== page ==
Author: Mary Casanova
Illustrator: Sarah Davis
Grace Thomas lives with her parents and older brother Josh in Massachusetts, near her maternal grandparents' bakery. Grace, her grandmother, and her aunt Sophie (her mom's younger sister) all love baking and are very good at it. Grace would love to own her own bakery some day. Together with her two best friends, Ella and Maddy, she figures why not get started this very summer? The last day of school was yesterday, so there's no time like the present. They settle on dog-walking: outgoing Ella already has a dog that needs a daily walk, and shy-and-intelligent Maddy reasons there will be little overhead, since dog owners will already have the necessary leashes and other supplies.
But then Grace's mom gets a call from her sister: Grace's aunt is nearing the end of her pregnancy, but due to complications, is being put on bedrest until the baby comes. Grace and her mother decide to go to her home in Paris for those five or so weeks to keep Aunt Sophie and cousin Sylvie (technically step-cousin) company. Grace tells her friends to start the business without her but they say they'll wait until she returns.
In Paris, Grace is amazed by all the sights. She adores her aunt and uncle's bakery from the start. She's unsure about her cousin--she and Sylvie only met once before, about three years ago at Aunt Sophie's wedding to Uncle Bernard. Sylvie speaks about as much English as Grace does French--not a lot. And her (paternal) grandmother recently passed away, so she's dealing with that. Grace gets the impression that Sylvie doesn't want her around.
Before she can worry too much about how to interact with her cousin, Grace's aunt has her baby, a couple weeks early. It's a girl, Lilou, Lily for short. Grace thinks her baby cousin is absolutely perfect. Sylive seems enamored with her baby sister too. But it's not all bliss: Aunt Sophie had to have a c-section (the text is that the delivery required surgery and she can't lift anything for several weeks; sounds like a c-section) so she needs lots of help with Lily, who is getting fussier as she gets older. All the help the little family needs has a nice silver lining, though. Sylvie asks Uncle Bernard if Grace can join her in the bakery to help run it. Sylvie does want her cousin around!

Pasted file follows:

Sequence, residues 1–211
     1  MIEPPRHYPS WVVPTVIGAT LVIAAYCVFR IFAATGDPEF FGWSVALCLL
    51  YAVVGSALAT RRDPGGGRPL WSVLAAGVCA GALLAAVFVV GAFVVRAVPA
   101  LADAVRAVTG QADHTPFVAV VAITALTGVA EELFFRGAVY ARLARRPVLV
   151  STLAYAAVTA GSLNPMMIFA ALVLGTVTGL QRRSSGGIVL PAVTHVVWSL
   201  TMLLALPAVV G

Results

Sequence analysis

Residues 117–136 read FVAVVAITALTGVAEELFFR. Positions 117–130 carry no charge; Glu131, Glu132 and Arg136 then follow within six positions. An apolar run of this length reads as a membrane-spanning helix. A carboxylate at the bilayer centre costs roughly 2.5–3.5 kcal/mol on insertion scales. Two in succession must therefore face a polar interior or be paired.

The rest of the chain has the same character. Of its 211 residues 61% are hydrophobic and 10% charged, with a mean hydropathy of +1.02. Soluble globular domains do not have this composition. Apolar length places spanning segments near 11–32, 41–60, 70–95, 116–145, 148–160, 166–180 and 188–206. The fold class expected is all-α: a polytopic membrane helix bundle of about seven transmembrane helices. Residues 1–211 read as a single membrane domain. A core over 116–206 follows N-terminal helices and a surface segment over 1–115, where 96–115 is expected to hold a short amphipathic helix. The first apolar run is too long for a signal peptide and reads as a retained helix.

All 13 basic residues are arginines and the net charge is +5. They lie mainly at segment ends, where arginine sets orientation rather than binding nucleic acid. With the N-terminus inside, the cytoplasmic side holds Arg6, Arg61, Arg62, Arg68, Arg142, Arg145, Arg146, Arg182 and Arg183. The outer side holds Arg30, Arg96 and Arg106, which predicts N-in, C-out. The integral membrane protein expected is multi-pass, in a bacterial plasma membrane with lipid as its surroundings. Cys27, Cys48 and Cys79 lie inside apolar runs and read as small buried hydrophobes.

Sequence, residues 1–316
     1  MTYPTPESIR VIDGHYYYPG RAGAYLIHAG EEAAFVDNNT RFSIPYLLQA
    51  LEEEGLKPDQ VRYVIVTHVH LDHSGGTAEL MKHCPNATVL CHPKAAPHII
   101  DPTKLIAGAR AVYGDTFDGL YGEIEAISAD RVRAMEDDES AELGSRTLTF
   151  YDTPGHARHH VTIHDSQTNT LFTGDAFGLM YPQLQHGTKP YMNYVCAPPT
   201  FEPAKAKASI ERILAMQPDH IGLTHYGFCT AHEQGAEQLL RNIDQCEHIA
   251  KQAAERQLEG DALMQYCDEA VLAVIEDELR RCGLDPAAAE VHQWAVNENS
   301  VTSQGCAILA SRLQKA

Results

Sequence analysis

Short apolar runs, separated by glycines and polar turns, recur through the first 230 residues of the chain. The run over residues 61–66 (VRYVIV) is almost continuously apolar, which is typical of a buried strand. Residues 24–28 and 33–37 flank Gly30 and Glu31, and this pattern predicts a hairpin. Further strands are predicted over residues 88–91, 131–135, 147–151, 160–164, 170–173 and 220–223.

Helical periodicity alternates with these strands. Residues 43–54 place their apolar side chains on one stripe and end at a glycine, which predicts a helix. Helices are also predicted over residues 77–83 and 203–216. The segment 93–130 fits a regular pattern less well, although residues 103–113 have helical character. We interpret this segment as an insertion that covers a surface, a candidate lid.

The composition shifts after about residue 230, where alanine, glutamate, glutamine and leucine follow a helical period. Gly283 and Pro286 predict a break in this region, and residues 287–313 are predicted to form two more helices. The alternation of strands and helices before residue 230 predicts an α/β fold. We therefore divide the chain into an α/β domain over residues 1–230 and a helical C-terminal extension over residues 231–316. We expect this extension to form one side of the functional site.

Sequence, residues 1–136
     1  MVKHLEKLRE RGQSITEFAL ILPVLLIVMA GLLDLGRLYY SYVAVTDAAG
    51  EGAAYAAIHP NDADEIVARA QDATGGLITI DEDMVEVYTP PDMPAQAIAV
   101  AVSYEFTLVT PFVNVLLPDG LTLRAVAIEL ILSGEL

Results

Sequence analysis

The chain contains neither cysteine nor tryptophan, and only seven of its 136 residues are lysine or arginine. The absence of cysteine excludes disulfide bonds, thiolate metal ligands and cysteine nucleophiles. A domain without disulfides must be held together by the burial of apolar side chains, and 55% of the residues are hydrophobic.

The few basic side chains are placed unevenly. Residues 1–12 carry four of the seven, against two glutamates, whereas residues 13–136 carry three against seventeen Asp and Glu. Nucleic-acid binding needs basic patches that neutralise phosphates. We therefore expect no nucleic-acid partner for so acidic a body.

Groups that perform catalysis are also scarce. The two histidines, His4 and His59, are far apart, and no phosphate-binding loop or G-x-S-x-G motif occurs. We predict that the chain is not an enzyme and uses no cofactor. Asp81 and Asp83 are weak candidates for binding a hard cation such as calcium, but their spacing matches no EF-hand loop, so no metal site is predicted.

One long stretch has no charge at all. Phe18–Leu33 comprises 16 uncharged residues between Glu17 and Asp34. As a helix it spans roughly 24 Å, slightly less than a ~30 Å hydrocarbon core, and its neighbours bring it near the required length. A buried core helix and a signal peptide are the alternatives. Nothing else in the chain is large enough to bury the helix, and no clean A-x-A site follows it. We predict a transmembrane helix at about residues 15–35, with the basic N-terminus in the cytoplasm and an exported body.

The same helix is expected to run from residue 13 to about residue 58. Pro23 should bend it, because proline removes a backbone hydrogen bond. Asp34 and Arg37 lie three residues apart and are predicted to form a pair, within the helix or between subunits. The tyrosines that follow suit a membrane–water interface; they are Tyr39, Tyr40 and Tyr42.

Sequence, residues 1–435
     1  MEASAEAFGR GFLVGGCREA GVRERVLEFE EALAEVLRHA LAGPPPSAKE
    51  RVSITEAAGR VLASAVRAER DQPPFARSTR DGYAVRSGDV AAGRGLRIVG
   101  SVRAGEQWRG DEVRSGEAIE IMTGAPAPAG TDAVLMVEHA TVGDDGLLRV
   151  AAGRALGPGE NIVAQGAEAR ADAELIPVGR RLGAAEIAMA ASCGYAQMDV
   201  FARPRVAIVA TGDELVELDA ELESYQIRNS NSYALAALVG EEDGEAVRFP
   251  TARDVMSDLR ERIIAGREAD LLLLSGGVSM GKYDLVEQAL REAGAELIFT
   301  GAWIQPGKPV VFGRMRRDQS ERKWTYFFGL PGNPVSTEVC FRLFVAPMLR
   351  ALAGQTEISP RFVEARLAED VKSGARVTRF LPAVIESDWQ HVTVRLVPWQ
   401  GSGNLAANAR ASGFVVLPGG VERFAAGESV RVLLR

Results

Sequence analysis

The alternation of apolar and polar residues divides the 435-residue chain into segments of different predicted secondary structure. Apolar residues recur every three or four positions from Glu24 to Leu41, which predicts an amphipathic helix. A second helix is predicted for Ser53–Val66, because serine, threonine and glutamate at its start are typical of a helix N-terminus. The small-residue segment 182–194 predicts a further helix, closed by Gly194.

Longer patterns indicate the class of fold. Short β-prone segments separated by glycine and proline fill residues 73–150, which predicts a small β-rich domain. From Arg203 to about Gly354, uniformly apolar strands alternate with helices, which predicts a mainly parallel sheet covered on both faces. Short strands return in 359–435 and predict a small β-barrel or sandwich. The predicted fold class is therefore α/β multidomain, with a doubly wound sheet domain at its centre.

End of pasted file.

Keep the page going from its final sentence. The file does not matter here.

Working in the bakery isn't easy. Grace doesn't understand enough French or of the business to do anything other than grunt work. And she does the wrong grunt work: she sweeps up the flour instead of washing the dishes (she misunderstood the gesturing one worker did), and due to an ill-timed breeze, the dirty flour blows on fresh pastries. She gets permission for a short break, but due to a combination of her embarrassment and following a stray French bulldog Sylvie had shown her earlier (petit chienne), Grace ends up lost. Sylvia and a bakery employee find her after not too long, and Grace shares a nice moment with her cousin, but she still feels awful for all the trouble she's caused. Then Grace finds out that Maddy and Ella went ahead and started the dog-walking business without her. Grace is welcome to join upon her return, but she still feels left out and almost betrayed.
A Skype chat with her father helps Grace sort out her emotions. She decides to continue trying, and by the time Bastille Day rolls around Grace is settling in nicely at the bakery and her aunt and uncle's home, and has even made friends with the stray dog, which she names Bonbon. She learns French recipes, and is able to move past the issue of the dog-walking business and talk (online) with her friends. She and Sylvie grow closer, with Sylvie enjoying her role of French teacher. Grace helps Sylvie learn English as well, and even helps her write a postcard to Grace's grandparents, Sylvie's step-grandparents. With the dog-walking business not going well, Grace and Sylvie also work together to try to come up with new business ideas. Inspired by what she's learned in Paris, Grace finally settles on a Parisian bakery.